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CANONSBURG, Pa. (Associated Press) -- An 11-year-old western Pennsylvania girl is recovering after she was struck by a bolt from the blue.
Lisa Wehrle tells the Observer-Reporter newspaper of Washington, Pa., that the sun was shining when her daughter, Britney, was struck by lightning Friday, apparently from a storm several miles away.
Lisa Wehrle says, "There was no rain. It was a beautiful day. All she heard was some thunder."
The lightning hit Britney as she was walking down a hill in North Strabane Township with a friend about 2:30 p.m. that day. The bolt hit her on the left shoulder, leaving a burn-like mark and exited her wrist, where it left another mark.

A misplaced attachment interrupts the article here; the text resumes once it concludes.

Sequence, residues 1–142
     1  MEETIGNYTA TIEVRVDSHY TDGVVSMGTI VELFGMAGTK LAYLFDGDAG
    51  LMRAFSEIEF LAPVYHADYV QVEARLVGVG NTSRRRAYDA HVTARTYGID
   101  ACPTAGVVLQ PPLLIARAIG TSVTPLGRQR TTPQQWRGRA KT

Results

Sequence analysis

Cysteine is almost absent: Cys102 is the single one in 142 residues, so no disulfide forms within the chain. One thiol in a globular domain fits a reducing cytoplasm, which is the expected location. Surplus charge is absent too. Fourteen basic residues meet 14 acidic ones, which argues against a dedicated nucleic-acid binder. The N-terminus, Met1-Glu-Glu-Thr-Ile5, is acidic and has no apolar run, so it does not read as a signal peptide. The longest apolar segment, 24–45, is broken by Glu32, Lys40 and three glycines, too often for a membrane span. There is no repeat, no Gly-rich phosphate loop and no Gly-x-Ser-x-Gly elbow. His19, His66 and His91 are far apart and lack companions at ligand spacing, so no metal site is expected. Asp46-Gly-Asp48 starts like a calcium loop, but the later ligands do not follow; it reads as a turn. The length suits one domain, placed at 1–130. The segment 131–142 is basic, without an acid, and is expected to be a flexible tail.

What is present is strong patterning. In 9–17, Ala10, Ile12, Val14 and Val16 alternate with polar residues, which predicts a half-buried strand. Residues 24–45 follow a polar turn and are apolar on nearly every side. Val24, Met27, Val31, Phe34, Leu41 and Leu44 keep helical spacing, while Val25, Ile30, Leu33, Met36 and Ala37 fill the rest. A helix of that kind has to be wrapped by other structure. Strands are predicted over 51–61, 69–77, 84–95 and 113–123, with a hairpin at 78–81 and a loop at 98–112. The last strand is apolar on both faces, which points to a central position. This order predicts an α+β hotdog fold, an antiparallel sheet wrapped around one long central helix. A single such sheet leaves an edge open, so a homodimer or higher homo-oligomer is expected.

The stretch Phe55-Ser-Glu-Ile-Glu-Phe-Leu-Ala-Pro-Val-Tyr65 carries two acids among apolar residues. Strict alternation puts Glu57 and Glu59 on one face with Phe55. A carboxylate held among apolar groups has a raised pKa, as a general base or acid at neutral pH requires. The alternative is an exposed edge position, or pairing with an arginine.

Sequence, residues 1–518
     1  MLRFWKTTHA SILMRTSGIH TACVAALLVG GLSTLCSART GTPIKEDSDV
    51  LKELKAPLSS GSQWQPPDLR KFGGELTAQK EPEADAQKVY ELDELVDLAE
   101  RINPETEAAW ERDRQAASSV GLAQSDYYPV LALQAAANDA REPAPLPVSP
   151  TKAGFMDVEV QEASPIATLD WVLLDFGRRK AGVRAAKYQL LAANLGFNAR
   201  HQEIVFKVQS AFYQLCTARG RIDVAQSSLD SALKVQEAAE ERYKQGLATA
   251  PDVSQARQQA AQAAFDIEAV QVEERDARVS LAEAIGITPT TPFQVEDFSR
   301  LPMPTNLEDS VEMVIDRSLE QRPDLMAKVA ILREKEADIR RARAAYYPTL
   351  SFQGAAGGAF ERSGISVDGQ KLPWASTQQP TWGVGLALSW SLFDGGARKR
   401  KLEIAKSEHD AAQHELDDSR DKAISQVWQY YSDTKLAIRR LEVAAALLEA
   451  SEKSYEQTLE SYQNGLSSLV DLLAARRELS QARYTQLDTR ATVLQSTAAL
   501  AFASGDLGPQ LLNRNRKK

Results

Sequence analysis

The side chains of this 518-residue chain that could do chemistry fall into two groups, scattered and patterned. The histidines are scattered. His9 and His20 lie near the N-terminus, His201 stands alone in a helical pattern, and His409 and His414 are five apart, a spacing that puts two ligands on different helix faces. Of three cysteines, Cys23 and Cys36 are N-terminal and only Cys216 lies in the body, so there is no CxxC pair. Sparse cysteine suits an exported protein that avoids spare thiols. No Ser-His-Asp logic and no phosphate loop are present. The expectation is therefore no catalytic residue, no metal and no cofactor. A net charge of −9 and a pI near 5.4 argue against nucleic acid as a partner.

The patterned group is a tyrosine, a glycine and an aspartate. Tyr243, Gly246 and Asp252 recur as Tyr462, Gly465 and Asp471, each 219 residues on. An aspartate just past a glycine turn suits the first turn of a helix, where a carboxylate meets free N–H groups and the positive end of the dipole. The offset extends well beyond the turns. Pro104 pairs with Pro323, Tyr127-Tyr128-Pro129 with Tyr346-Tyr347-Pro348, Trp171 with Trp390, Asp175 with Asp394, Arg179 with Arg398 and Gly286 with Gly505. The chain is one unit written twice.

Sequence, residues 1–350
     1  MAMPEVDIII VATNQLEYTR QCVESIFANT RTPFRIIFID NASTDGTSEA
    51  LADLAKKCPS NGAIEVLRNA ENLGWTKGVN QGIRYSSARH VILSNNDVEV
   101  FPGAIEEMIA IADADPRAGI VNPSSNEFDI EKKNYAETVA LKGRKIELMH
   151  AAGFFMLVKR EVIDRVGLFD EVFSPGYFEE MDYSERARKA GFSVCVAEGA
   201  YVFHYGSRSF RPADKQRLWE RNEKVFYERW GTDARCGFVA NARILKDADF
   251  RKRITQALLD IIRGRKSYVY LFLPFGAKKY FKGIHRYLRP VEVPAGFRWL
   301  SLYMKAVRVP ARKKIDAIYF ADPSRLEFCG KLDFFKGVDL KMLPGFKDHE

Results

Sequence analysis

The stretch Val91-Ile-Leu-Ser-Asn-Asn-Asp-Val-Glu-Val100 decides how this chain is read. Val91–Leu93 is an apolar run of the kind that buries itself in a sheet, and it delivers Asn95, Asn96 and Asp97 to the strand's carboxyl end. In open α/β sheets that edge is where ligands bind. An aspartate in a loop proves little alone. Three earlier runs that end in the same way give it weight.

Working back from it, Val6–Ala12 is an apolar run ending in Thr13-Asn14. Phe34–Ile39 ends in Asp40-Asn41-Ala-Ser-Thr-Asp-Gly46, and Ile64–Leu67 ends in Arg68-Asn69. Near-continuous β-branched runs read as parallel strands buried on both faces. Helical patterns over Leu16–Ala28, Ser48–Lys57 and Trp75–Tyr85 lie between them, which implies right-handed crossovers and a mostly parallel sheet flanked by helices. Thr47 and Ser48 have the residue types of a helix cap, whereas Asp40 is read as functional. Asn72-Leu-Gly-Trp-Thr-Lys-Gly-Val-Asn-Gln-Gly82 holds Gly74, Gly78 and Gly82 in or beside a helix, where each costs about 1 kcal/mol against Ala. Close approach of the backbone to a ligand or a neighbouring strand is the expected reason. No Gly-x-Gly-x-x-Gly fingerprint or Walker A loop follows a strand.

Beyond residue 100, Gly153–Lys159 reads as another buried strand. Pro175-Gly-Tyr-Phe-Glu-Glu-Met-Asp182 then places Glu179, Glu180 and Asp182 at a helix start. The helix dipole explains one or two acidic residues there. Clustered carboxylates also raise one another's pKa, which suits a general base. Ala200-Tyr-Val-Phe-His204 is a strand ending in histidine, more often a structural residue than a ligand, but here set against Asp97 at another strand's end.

She was treated at a Pittsburgh hospital. Doctors discovered her arm was broken, but otherwise she's OK.
Originally posted by thegoods724
answer: zues did it
A "Bolt from the Blue" is a cloud to ground lightning flash which typically comes out of the back side of the thunderstorm cloud, travels a relatively large distance in clear air away from the storm cloud, and then angles down and strikes the ground. These lightning flashes have been documented to travel more than 25 miles away from the thunderstorm cloud and are a very dangerous type of cloud to ground lightning flash, as they "appear" to come out of the clear sky.